From then on, her Brexit strategy became muddled and bogged down by increasing criticism from Euroskeptic Tory MPs who feared she was drifting away from a hard Brexit. By the time she struck a deal with the EU in November 2018, she’d agreed to a customs arrangement, a two-year transition period and a provision that would keep the Irish border open by aligning Northern Ireland to EU regulations. For many Tories and the DUP, that wasn’t their idea of Brexit and they joined the opposition in voting it down in Parliament. Ever more isolated, Ms. May pressed ahead, determined to tweak the agreement to win over critics. But it was rejected two more times by the House of Commons and she had to seek an extension to the March 29 deadline, something she repeatedly said she wouldn’t do. Last month, she reached out to the Opposition Labour Party to find a way out of the impasse, but it was too little too late and only infuriated more Tory MPs.
“I do think it went wrong for her almost immediately because she made the decision to go for a much harder Brexit than would have been necessary to pull the country, and indeed Parliament, together behind her,” said Tim Bale, a professor of politics at Queen Mary University of London. “From that moment on she was doomed.” As Prime Minister, he added, “you need to be much faster on your feet and much more emotionally intelligent than I think she as a politician has ever shown herself to be.”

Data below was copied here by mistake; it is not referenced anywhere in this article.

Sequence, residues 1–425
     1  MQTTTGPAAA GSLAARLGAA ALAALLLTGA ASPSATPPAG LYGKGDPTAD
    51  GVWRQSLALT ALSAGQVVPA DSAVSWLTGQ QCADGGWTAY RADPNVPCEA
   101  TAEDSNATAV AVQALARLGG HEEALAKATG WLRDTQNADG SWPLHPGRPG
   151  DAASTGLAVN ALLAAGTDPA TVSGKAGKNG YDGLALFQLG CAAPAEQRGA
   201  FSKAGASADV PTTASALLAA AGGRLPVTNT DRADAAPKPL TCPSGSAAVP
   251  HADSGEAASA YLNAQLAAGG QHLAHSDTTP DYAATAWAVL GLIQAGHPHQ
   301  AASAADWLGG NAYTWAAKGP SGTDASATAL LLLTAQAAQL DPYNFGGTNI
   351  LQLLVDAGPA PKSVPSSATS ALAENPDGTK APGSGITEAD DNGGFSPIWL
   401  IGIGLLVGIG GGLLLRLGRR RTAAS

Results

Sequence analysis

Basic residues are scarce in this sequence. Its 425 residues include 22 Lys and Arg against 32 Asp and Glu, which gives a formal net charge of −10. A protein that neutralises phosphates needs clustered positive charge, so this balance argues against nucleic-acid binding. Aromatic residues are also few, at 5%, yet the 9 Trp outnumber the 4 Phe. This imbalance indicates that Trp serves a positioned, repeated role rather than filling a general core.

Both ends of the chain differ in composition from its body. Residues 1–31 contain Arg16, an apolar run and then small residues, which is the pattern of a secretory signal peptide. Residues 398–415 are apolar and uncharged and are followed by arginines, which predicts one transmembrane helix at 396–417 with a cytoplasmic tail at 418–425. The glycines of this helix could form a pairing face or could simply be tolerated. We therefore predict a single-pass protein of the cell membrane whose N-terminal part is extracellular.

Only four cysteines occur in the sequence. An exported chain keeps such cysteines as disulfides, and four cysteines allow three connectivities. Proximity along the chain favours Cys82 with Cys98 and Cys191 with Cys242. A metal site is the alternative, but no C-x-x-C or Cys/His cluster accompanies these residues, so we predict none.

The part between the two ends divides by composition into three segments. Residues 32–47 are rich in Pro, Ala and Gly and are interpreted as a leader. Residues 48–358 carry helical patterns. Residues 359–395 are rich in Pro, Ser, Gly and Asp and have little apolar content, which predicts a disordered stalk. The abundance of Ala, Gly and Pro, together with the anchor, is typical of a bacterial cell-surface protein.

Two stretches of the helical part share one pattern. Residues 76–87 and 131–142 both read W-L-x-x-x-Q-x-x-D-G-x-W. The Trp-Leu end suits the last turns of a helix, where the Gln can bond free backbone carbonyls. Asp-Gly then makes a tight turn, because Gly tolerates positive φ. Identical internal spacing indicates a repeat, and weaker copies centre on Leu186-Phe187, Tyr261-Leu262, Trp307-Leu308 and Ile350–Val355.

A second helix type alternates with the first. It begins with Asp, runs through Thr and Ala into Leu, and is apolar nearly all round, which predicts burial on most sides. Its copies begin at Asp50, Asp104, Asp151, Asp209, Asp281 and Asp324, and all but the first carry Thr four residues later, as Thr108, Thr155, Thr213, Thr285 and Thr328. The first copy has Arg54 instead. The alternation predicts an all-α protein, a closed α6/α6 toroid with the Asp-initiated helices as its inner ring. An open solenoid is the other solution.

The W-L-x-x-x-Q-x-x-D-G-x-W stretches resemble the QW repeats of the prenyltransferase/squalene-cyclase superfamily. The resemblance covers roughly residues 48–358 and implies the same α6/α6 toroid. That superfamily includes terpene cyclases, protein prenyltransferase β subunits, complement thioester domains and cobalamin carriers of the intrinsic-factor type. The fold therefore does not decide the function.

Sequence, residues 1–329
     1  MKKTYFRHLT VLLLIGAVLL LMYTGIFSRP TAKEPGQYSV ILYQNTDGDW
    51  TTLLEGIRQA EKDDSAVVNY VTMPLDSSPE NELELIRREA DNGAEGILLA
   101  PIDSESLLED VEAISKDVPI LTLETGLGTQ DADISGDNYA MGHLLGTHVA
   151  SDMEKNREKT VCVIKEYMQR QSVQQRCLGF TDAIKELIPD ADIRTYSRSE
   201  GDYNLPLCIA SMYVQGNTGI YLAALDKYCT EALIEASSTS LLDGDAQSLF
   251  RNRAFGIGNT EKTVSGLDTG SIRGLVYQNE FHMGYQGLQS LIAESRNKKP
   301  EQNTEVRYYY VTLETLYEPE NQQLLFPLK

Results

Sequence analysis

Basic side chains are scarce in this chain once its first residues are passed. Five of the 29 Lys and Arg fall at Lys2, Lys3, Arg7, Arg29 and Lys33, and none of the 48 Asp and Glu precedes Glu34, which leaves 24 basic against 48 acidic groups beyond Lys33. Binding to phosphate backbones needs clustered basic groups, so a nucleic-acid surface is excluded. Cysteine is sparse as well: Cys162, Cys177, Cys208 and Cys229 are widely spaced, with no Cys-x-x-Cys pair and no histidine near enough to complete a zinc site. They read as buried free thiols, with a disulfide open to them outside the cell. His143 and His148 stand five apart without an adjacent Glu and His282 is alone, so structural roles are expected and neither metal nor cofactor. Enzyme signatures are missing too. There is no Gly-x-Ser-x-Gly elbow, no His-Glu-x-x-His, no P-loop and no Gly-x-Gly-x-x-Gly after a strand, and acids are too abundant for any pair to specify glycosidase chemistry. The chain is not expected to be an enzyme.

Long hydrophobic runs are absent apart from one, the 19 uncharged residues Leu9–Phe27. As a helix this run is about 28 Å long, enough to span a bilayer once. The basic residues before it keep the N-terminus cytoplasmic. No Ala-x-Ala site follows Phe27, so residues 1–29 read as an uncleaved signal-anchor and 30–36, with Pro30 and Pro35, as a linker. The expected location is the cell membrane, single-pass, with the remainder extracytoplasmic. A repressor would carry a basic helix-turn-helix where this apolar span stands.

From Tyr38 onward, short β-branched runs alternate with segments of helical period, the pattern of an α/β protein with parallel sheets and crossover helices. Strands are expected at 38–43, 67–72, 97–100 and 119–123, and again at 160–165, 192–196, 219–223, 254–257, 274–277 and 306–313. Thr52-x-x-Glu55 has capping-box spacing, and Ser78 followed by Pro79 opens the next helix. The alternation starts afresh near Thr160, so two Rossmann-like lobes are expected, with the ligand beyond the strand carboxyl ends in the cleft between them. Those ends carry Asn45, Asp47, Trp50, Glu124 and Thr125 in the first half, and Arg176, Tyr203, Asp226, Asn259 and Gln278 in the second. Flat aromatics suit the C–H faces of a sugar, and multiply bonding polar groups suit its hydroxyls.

Tony Travers, director of the Institute of Public Affairs at the London School of Economics and Political Science, said Ms. May waited too long to seek a coalition. Her decision early on “to effectively say, the 52 per cent who voted leave mattered and the other 48 can go away” was a grave miscalculation. Ms. May "clearly is not cutout for flexible, sensitive negotiations.”
There’s little indication that Mr. Johnson will have any more success. EU leaders have said they will not renegotiate the deal and most MPs oppose a no-deal Brexit. But the rise of the newly formed Brexit Party, under the leadership of arch Euroskeptic Nigel Farage, has spooked many Tories and pushed them toward backing a no-deal exit. That includes Lance Forman, a life-long Conservative who now supports the Brexit Party. Ms. May “was just the wrong person right from the start,” said Mr. Forman, who said that Ms. May voted to remain in the EU. “You have to believe in [Brexit], otherwise you are not going to be able to carry people with you in a tough negotiation. And you’ll never negotiate as well if you don’t believe in it.”